Anyway, if you like the work, you should listen to what he has to say about it. There are a few different tv shows on channel 4: All in the Best possible taste, and Who are you. He also recorded 4 BBC Reith lectures for Radio4, which you can listen to online: they are good.

Me with Alan Measles the Teddybear in his motorbike shrine, outside Perrys show at the British Museum in 2011, looking worn out from London antics.

Me with Alan Measles the Teddybear in his motorbike shrine, outside Perrys show at the British Museum in 2011, looking worn out from London antics.

Happy February! Updates and 2015

Apologies for the absence - Christmas and new year was hectic. My Etsy store really took off around November. That, alongside lots of overtime at my day jobs, meant less time for blogging. I have been working on many new things, however!

Quick updates:

I got a new computer! It is so lovely and glossy and blue. It also runs Photoshop, Illustrator and even 3D Design Programmes with ease, and I am very happy with it. This will go a long way to help me design, research and experiment for new work.

At work, we got a 3D Printer, so I have been researching printmaking with 3D Printed plates, and also with simply working in 3DSMax to create some weird stuff. Dedicated blog post to follow!

I learned, with Paul, how to make a silver ring! We went along to the last Vanilla Ink class and made each other some really lovely rings with the help of the lovely Kate. Sad to see them go, as their studio at WASPS closed last week.

I learned Taku-hon (Japanese Stone Rubbing), perhaps the first printmaking technique to be invented in the world. The pieces created can be beautifully textured, tactile, and either dark and bold or feathery light and subtle. Will also follow up with a blog post.

I am learning bookbinding. I have fallen in love with the look and feel of coptic bound books, and plan to create a range for my online store once I can do them well.

Another Zine to come soon! Everything I Know About Dreams... Goal is to finish it for the next ZineSwap later this month.

My 2015 vague goals? I have lots of ideas for new pieces, including collage, geo prints, and sculptural work, as well as some nice etching and screen prints. I want to make scale a consideration this year: tiny little plates as well as bigger, one off pieces. I'd like to, mid year, have a portfolio to include my own examples all the techniques that I know and use at work. I also want to experiment and work with GOLD!

About my New Watercolour Monoprints

I've been experimenting in print for a little while now, using techniques that are new to me but which better suit my style of working. I have always painted, even throughout art school where I began to outwardly produce linear, clean drawings and prints. I mainly painted in my sketchbooks, using colourful ink and watercolour washes, often just as a background to a white page.


Not my best work, but I made A LOT of these.

Then I thought... why don't I consider this work in itself, and not just an aside to my 'main' projects? I have been trying to view the things I produce more holistically, and ignore barriers between them such as 'fine art', 'craft', 'design', 'writing', etc. In the end, they are all informed by each other, and I move fluidly between them, which is personally quite a refreshing way of working.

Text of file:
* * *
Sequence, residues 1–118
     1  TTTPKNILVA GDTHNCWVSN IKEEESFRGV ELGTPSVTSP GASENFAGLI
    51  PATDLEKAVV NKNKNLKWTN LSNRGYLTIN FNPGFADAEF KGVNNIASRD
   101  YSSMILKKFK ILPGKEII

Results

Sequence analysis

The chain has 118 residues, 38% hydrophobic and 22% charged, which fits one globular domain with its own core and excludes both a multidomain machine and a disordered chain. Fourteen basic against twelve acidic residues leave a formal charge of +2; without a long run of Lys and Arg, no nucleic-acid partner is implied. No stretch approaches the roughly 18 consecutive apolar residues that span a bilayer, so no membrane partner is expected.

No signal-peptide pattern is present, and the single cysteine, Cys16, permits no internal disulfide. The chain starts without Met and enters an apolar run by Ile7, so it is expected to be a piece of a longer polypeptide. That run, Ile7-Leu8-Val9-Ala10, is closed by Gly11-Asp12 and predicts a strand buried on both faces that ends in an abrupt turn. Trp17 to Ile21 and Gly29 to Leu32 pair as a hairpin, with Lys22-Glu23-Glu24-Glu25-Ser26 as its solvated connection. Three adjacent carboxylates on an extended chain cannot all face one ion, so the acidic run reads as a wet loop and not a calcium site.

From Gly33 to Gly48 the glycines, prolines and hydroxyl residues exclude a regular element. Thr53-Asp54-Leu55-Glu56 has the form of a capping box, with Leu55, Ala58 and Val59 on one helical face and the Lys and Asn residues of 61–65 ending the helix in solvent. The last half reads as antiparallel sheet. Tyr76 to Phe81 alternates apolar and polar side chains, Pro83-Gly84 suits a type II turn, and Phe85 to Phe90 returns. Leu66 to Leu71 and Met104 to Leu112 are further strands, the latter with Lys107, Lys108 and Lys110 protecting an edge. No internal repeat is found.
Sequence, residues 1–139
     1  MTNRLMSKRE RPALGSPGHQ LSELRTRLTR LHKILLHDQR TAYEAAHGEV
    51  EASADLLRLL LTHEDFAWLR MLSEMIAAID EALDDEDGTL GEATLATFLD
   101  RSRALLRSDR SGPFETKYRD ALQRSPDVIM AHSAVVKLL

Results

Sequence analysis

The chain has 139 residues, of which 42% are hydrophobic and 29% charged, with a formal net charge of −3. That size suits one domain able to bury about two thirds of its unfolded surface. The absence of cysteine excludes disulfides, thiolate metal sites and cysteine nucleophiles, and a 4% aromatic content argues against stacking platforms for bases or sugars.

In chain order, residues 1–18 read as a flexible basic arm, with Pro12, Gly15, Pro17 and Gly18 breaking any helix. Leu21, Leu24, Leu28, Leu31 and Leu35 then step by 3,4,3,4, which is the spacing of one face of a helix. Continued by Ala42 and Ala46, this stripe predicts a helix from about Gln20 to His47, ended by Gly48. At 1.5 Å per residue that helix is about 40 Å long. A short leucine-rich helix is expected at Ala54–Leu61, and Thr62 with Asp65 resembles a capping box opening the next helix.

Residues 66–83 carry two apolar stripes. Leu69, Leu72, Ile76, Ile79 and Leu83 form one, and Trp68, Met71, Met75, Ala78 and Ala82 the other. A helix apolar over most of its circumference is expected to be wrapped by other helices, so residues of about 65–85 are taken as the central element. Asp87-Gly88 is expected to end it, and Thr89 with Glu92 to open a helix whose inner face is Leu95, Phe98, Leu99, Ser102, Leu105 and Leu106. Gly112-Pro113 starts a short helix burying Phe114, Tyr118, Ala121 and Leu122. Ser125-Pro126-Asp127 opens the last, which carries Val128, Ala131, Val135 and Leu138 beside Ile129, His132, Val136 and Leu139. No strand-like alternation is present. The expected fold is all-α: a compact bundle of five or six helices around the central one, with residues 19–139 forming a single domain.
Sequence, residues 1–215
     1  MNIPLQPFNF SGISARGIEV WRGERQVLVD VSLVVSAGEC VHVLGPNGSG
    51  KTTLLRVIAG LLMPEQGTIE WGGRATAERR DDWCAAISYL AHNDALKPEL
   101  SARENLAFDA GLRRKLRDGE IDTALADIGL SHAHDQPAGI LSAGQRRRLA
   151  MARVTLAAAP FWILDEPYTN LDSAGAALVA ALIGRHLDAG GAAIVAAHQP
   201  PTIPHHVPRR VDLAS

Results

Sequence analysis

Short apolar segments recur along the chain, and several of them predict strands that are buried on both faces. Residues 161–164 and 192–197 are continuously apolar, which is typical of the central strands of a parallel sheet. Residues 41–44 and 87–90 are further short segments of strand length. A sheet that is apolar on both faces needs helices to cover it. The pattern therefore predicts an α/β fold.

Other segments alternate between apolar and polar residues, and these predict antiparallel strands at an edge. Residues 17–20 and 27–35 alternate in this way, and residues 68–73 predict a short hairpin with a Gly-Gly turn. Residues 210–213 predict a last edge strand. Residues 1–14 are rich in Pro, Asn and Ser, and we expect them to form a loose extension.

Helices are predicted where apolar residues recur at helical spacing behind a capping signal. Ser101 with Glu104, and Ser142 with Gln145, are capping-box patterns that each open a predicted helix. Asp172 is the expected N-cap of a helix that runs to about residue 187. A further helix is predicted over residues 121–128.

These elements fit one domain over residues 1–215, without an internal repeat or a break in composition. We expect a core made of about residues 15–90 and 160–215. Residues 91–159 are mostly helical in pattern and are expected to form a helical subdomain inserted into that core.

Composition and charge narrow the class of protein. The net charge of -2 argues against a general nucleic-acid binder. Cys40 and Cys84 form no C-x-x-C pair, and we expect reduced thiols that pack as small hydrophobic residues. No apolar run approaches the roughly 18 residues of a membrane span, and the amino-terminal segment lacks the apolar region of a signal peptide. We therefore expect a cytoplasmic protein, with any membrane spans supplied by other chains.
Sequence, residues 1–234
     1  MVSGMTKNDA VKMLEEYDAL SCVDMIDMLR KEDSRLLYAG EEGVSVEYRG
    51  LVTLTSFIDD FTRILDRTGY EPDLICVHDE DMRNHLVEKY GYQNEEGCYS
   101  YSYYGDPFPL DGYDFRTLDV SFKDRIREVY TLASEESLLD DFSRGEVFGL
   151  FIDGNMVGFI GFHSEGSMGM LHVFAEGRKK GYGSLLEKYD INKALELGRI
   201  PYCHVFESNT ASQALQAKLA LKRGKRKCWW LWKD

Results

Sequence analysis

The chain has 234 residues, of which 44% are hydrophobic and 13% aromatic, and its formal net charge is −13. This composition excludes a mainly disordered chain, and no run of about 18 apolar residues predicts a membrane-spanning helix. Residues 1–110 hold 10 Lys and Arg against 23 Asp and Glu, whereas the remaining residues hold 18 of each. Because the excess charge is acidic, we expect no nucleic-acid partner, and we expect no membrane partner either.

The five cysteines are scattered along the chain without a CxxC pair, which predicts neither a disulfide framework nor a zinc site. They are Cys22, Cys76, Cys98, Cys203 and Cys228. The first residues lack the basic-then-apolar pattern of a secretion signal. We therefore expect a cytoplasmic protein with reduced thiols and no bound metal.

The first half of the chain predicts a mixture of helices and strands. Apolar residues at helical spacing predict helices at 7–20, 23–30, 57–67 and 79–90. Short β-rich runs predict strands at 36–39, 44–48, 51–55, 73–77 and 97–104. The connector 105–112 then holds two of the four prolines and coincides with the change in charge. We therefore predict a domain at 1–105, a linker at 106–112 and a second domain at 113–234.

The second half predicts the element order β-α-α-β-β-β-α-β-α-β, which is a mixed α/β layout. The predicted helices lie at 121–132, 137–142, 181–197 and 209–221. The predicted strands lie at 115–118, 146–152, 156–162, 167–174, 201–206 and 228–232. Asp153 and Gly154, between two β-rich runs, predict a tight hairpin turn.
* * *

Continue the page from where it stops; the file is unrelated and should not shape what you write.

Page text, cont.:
So I began making new things, using watercolour monotype, a basic technique I covered here. It allowed me to use washes of colour and ink blot shapes just like I used to in my old sketchbooks.

Katie Ravenscraig- Eyes Open All Around (Small)
Katie Ravenscraig- Eyes Open All Around (Small)

Of course, I have always loved making intricate, fine detail work too, usually in some kind of symmetrical pattern. Masking off my paintings before printing allowed me to find a new way of approaching my drawings. Plus, they have a sweet emboss, plate mark and are one of a kind. Interestingly though, you can get more than one print out of a watercolour monotype plate. I can reliably take 3, but some artists have managed up to 6. Of course, the image gets fainter and fainter each time.

I will have more to show you before the year is over, but for now, I am off to the studio to finish making even more new pieces! :)

Development with Watercolour Monoprinting

New ideas, thoughts, work... it takes time, for me at least. Can't be forced... although targets are always good! I have been working with some of my friends towards a collaborative project- it is still in the tentative beginning stages, but just meeting up regularly and talking about our practice has been really beneficial. Of course, working in the print studio is also a great motivator! I was introduced to Watercolour Monoprintingrecently, which will be available soon as a wee course at DCA, if you want to learn how. It is so easy: essentially just painting with watercolour on a perspex plate, allowing to dry, then printing normally through a press with damp paper, reactivating the watercolour paint. You can take many prints from the same plate, too, which is different from regular monoprinting. They do get gradually softer, but it is a lovely effect to play with. It's quite suited to my painting style, too.

Okay, here are some things I have been doing with watercolour monoprinting! Magical Spheres and Fictional Landscapes...

Watercolour Monoprint #1
Watercolour Monoprint #1
Watercolour Monoprint #2
Watercolour Monoprint #2
Watercolour Monoprint with Screen Print
Watercolour Monoprint with Screen Print

Takato Yamamoto and Heisei Esthiticism

Takato Yamamoto is a Japanese artist whose work I love. His self titled style is called “Heisei Esthiticism”. 

"My basic theme is the image of the universe operation that has repeated the circulating generation (life) and dismantlement (death)."

-Interview with Takato Yamamoto, Juxtapoz Magazine

The textures, intricacy, subjects, colours... they inspire me to add more depth of tone to my own imagery. His work and story are generally quite interesting: check out the interview.